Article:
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The Bronze Corydoras

The Bronze Corydoras (Corydoras aeneus)

Order Siluriformes, Family Callichthyidae

Common names
Bronze corydoras, Bronze catfish

Corydoras schultzei, Corydoras macrosteus, Corydoras venezuelanus, Callicthys aeneus, Hoplosternum aeneus, Hoplosoma aeneum

The bronze corydoras is a cheerful and outgoing fish, a group of which will always be busy around the aquarium. The back and sides are a medium brown, sometimes appearing metallic. The stomach is paler. Males and females are very similar, although the females are larger and fatter – the difference is easiest to observe from the top. This is one of the most common species kept in aquaria; although there are a number of other Corydoras species that could be confused with aeneus by the beginner, these are usually labelled as something else in the shop or far more expensive. The bronze corydoras is one of the bigger species, reaching a length of about 3 inches.

All Corydoras are very social fish, and need a group of at least six to be happy and seen at their best. They will happily shoal with other Corydoras of a similar size, so in a community tank the shoal can be of mixed species. Bronze Corydoras are rarely shy, and will be seen out and about in the aquarium regularly, often swimming in midwater. They are capable of breathing air at the surface, and will often be seen darting up for a gulp of air even when the water is not oxygen-deficient. They tend to do this as a group, so as soon as one heads for the surface all the others do too.

Aquarium requirements
Their home aquarium needs to have enough space for a shoal of these active fish, and the substrate should have no sharp edges. Sand is best, although they can be kept on smooth rounded gravel. It is essential that the substrate is kept clean, as they spend a lot of time rooting through it, and their sensitive barbels may become infected and even disappear entirely in a dirty tank. Once the barbels are damaged they rarely regenerate. Corydoras aeneus are happy living and spawning in water between pH 6 and 8, although other Corydoras species may need soft acidic waters.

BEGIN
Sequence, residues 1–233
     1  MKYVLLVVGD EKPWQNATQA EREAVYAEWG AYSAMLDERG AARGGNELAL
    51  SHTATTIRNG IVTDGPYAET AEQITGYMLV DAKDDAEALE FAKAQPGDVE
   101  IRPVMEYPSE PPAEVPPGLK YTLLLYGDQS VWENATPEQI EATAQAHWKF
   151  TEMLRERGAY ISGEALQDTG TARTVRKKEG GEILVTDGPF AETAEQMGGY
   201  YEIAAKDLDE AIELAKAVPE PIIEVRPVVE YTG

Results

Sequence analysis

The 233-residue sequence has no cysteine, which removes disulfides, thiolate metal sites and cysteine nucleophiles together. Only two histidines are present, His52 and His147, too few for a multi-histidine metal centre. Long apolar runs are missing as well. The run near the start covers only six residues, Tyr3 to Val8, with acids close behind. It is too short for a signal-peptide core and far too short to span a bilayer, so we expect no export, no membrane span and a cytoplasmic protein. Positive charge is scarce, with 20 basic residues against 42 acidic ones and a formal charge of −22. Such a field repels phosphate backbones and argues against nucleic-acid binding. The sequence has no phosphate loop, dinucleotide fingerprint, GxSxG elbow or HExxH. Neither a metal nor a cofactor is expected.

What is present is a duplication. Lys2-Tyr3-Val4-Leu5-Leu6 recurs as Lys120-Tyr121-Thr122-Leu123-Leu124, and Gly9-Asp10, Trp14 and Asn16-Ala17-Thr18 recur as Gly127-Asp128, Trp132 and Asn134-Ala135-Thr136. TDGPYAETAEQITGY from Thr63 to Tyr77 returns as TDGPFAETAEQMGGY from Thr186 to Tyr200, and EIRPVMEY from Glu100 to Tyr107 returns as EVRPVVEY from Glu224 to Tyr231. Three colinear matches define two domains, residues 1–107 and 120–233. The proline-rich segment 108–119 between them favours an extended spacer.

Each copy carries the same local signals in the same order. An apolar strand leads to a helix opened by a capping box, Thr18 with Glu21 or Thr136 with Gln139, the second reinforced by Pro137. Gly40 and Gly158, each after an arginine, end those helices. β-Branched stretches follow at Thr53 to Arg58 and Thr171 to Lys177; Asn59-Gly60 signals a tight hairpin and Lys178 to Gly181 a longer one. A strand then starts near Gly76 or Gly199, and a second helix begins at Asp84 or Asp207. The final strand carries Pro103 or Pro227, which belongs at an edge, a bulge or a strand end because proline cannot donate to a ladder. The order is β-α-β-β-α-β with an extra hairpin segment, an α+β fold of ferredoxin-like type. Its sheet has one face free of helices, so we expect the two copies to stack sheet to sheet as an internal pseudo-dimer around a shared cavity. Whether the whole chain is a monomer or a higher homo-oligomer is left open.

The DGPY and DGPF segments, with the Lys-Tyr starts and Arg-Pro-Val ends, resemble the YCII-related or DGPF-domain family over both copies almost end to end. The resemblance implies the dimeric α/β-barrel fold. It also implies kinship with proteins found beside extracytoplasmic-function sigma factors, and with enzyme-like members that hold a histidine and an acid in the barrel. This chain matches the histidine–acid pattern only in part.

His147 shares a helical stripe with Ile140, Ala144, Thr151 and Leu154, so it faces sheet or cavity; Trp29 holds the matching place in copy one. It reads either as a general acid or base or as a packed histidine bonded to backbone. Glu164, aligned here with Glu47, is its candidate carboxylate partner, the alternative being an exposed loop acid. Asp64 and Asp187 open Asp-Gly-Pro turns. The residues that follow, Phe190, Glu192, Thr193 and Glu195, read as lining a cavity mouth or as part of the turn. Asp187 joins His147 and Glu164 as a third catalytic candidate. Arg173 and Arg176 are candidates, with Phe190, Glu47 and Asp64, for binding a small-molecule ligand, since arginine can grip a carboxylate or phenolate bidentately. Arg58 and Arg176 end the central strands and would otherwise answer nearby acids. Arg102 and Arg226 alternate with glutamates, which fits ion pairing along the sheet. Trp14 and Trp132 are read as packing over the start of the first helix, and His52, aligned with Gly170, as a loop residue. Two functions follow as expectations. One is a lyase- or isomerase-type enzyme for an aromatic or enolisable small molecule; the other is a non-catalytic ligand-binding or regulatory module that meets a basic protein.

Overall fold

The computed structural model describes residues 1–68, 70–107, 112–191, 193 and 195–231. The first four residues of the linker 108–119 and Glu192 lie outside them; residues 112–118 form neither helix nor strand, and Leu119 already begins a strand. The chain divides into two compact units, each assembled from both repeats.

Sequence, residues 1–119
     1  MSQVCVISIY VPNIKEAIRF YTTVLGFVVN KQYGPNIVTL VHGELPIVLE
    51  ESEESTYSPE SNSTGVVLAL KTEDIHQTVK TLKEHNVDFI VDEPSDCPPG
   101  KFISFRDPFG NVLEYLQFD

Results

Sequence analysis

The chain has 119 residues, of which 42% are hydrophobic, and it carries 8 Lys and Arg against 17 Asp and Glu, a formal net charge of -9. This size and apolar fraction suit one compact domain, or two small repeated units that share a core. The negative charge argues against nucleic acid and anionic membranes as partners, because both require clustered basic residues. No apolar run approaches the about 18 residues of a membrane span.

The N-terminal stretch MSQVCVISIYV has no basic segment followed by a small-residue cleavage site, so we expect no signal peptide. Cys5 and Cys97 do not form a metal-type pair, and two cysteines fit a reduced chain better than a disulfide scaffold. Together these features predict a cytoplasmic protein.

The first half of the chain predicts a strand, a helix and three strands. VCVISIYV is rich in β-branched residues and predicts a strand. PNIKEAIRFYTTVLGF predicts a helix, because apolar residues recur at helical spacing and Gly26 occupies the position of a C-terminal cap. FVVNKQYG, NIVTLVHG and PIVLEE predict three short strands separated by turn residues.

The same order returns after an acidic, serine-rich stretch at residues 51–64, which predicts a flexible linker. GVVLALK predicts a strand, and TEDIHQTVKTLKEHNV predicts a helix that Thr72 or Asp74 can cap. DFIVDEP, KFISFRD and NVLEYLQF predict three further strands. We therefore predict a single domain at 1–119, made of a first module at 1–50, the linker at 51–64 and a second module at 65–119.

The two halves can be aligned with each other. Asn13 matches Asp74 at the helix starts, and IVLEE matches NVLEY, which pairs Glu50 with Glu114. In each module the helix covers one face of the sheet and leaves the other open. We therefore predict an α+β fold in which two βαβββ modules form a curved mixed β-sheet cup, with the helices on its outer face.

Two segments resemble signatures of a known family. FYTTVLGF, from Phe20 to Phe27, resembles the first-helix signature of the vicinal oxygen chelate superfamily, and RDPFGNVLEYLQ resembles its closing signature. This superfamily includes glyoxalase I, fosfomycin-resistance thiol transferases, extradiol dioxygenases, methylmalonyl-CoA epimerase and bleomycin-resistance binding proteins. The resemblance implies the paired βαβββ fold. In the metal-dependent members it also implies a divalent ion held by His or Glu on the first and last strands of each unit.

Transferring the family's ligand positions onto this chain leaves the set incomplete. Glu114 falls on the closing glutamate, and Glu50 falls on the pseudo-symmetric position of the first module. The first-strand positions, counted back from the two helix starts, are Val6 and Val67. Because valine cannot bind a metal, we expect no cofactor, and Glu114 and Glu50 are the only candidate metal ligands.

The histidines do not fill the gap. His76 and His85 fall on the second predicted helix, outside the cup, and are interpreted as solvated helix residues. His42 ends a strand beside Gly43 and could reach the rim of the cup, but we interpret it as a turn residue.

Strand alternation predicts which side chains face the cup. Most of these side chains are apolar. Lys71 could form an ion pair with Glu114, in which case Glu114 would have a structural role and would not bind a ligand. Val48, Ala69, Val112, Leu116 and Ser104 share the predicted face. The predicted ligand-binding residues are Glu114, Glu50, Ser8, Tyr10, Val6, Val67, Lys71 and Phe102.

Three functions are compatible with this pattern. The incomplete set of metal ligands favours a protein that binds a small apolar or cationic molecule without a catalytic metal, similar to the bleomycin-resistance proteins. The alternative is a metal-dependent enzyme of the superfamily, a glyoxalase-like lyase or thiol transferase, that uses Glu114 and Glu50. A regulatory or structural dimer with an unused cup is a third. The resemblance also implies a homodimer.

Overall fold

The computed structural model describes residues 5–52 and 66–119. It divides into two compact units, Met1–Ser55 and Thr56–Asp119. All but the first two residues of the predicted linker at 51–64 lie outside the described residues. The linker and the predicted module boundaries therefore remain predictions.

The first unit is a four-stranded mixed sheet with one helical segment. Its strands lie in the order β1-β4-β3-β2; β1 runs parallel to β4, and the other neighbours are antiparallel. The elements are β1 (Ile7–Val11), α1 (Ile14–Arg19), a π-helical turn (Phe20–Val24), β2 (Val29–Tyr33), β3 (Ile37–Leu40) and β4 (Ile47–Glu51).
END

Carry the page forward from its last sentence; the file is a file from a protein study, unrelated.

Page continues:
Although Corydoras are natural acrobats and will often manage to grab food from the surface, their natural way of feeding is from the bottom, and they should be provided sinking foods. It is important to make sure they get enough to eat, and not to expect them to survive on bits of food that the other fish miss. They will eat sinking pellets, and particularly enjoy frozen live foods or sinking live foods such as bloodworm. Live foods are important to keep them in the peak of health and bring them into condition for spawning.

Corydoras often spawn after a water change; it is thought that the influx of cooler water fools them into thinking that the rainy season has come, as in their native South American waters. When they are spawning, the observer will notice a great deal of increased activity in the tank, with the males following the females and nudging at them. Eventually the pair assume a ‘T’ position, with the female’s head near the males vent. The male discharges milt, which is swallowed by the female (at least in those species where experiments have been conducted) and eventually reaches the two or three eggs being held between her pelvic fins. Once the eggs are fertilised, she remain still for a few seconds, then starts to search for a place to deposit the sticky eggs. These may be stuck onto leaves of plants, the aquarium glass, rocks, and anywhere else available. The spawning may go on for some hours, until all the eggs have been deposited. If one pair begins spawning, this may stimulate others as well. The little fry can be fed on brine shrimp nauplii and proprietary fry foods, but will fall victim to other community tank inhabitants unless the eggs are removed and hatched outside the community tank.

Diseases and disorders
The hardy little Corydoras are prone to few ailments, other than infection of the barbels. In a clean tank with good maintenance they should thrive without problems.

Bronze Corydoras are appealing, cute and easy to keep; their ability to move their eyes has convinced many an aquarist that their fish has winked at them. Most community aquaria will be enhanced by a group of Corydoras.

This article has been provided by Kathy Jinkings and cannot be reproduced without her permission

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